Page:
Protesters are Sending Men's Underwear to the Philadelphia Police Department

Protesters are sending pairs of underwear to the Philadelphia Police Department to draw attention to what they consider discriminatory search practices.

They say that the police are searching black men's underwear in what they call "stop-and-probe."



The Black Lives Matter Movement of Pennsylvania delivered two pairs of men's underwear to the PPD to protest this aggressive form of "stop-and-frisk" searches. Stop-and-frisk is a highly contested practice of searching pedestrians when there is a reasonable suspicion that a crime has been committed or is about to be committed. However, opponents say that, in practice, it has been a way to randomly target minorities and artificially boost arrest statistics.

Local station NBC 10 reported that activist Asa Khalif stood outside the police department on Wednesday and accused the PPD of illegal practices. Khalif said PPD's actions were even more intrusive than the typical harassment associated with stop and frisk.

“It is illegal to stop and frisk. It is illegal to go into someone’s underwear and touch their penis. Touch their buttocks," he reportedly yelled with a megaphone. "You think it’s common practice and it’s legal, but it’s not."

A policewoman.

The protest comes after Mensah M. Dean of Philly.com published a report detailing stories of black men being forced to remove their pants in public.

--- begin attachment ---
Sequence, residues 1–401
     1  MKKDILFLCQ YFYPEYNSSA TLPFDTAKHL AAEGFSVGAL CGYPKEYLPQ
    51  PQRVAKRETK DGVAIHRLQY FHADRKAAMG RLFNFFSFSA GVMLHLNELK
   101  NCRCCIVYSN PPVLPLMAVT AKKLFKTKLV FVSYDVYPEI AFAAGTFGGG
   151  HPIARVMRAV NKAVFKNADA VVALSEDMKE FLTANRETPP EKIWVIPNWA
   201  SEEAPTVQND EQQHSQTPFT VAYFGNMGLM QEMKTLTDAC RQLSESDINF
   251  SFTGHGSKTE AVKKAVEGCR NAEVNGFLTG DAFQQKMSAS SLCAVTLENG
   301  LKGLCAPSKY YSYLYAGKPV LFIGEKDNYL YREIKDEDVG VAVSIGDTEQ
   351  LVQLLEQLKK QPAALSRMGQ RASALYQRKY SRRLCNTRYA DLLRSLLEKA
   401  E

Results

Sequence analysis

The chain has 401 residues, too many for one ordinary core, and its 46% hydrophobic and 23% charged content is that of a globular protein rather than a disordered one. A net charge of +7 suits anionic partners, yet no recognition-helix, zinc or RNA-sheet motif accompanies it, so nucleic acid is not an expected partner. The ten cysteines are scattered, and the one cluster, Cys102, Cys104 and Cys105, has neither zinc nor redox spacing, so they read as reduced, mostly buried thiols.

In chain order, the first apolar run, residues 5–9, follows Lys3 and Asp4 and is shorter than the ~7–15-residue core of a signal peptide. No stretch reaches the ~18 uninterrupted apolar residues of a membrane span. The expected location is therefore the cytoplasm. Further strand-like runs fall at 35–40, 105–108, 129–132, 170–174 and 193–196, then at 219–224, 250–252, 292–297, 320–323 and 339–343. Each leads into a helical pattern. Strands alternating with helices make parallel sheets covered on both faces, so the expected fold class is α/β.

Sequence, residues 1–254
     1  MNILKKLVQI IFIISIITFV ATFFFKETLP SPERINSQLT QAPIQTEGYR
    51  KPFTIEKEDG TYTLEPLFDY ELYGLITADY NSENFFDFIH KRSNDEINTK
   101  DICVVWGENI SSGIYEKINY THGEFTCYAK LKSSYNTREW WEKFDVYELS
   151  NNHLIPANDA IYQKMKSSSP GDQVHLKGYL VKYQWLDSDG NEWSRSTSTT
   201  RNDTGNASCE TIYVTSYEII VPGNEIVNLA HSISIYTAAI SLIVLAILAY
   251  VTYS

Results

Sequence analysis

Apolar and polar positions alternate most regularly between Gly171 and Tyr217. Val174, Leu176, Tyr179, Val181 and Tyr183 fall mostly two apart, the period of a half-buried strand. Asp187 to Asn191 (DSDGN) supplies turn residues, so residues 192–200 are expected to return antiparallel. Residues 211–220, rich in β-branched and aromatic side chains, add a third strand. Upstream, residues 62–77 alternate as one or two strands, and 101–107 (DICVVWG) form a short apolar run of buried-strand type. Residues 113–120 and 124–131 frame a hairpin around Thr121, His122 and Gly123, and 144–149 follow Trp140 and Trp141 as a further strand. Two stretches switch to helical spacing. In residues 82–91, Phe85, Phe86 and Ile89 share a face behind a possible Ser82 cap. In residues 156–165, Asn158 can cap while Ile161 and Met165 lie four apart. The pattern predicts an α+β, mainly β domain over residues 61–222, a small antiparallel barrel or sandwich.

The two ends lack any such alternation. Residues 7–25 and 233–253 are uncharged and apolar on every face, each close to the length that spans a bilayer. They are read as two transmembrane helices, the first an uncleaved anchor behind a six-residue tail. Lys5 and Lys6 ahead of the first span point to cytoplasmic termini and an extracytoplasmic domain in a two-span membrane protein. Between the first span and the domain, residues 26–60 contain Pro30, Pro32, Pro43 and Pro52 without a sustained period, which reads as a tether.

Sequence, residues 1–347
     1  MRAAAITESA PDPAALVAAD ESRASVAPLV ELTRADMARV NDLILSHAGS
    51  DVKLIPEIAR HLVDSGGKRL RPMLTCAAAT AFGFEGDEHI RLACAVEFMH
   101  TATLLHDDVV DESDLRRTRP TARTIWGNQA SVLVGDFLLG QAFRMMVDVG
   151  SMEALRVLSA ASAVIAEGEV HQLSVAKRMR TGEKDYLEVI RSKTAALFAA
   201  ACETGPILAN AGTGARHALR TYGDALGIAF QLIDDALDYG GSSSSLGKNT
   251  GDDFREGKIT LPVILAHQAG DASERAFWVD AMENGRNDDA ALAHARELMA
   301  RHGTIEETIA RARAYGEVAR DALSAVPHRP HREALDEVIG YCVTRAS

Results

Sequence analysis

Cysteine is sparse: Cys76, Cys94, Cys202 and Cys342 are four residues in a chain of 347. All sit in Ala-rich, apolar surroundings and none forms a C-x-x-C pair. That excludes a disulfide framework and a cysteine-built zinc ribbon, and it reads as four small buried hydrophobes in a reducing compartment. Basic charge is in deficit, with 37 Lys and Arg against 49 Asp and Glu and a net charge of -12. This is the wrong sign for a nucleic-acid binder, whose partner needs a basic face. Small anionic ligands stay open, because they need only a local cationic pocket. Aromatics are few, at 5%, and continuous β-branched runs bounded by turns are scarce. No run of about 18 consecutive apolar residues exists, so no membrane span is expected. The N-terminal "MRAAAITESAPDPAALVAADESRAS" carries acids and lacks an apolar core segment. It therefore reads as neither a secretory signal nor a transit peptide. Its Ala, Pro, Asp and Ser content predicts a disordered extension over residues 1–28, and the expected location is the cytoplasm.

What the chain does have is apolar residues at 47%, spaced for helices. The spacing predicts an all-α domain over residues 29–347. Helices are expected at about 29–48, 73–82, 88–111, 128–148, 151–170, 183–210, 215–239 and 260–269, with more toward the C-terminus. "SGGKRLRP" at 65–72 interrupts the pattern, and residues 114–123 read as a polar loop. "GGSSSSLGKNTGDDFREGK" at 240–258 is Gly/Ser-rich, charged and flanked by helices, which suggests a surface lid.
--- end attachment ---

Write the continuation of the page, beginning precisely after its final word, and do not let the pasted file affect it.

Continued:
"Stories of having pants undone and lowered, and underwear being rifled through, come from black men from various parts of the city," Dean wrote. "Their stories are strikingly similar. Sometimes drugs are found, sometimes not."

Berto Elmore, a Philadelphia defense attorney, told Dean that underwear searches are a method of control used on black men, just like the emasculating control tactics used during slavery.

“You have young people who have an imagery of being tough, and when you’re able to degrade them that publicly, it lets them know, ‘We’re the tough guys, not you. Look what we can do to you,’” Elmore told the Daily News.

The American Civil Liberties Union's David Rudovsky said searches of underwear as a part of stop-and-frisk is illegal.

“It’s completely impermissible as part of stop-and-frisk," he told the Daily News. "You can’t even go into someone’s pocket, much less his underwear.”


The Philadelphia Police Department told ATTN: that it does not employ "stop-and-frisk."

The Department's Office of Media Relations sent the following statement to ATTN: in response to the accusations about underwear searches.

"The department is looking into the allegations that have been made regarding the article; so at this time I would not be at liberty to discuss particular facts about this case; with that being said the department does have a policy on how strip/cavity searches are to be conducted when needed."

A directive given to PPD officers in 2016 states that strip searches should only be done when a suspect is taken into custody and even then "police personnel are not permitted to routinely conduct or authorize strip/body cavity searches on every individual taken into custody."

However, black men in the community say strip searches are happening on the street.

A 32-year-old man named Nafiys Walters told the Daily News that the underwear search he endured in 2010 felt like sexual assault.

“They were rough. They … threw me on the ground," he told the Daily News. "It was like damn near being raped. They did what they wanted with me.”

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